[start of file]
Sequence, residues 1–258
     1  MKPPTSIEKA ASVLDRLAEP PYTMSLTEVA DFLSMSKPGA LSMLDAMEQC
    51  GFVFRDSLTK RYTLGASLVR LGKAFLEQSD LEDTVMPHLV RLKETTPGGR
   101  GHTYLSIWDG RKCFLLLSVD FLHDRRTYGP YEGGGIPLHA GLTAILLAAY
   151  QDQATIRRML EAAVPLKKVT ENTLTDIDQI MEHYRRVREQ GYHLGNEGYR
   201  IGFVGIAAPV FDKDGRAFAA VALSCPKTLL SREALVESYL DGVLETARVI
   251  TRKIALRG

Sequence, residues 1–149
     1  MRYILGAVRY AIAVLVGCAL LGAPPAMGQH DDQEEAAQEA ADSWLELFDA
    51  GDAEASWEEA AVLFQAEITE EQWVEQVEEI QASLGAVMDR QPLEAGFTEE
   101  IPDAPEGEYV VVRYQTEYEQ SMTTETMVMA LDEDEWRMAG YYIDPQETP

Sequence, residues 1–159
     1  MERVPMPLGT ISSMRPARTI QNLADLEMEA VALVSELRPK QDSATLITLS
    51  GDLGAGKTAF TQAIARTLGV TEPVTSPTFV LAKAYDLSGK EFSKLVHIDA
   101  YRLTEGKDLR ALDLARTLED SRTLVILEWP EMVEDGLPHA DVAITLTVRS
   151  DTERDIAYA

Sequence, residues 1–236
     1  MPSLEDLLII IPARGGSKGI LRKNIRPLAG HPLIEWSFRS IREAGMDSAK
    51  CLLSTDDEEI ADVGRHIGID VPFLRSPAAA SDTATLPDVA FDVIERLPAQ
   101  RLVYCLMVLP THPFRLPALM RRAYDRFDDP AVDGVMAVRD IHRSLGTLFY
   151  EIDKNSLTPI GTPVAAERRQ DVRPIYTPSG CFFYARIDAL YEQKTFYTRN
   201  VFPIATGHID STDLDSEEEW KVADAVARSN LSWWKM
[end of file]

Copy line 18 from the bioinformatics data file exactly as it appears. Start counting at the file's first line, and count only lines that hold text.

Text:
     1  MPSLEDLLII IPARGGSKGI LRKNIRPLAG HPLIEWSFRS IREAGMDSAK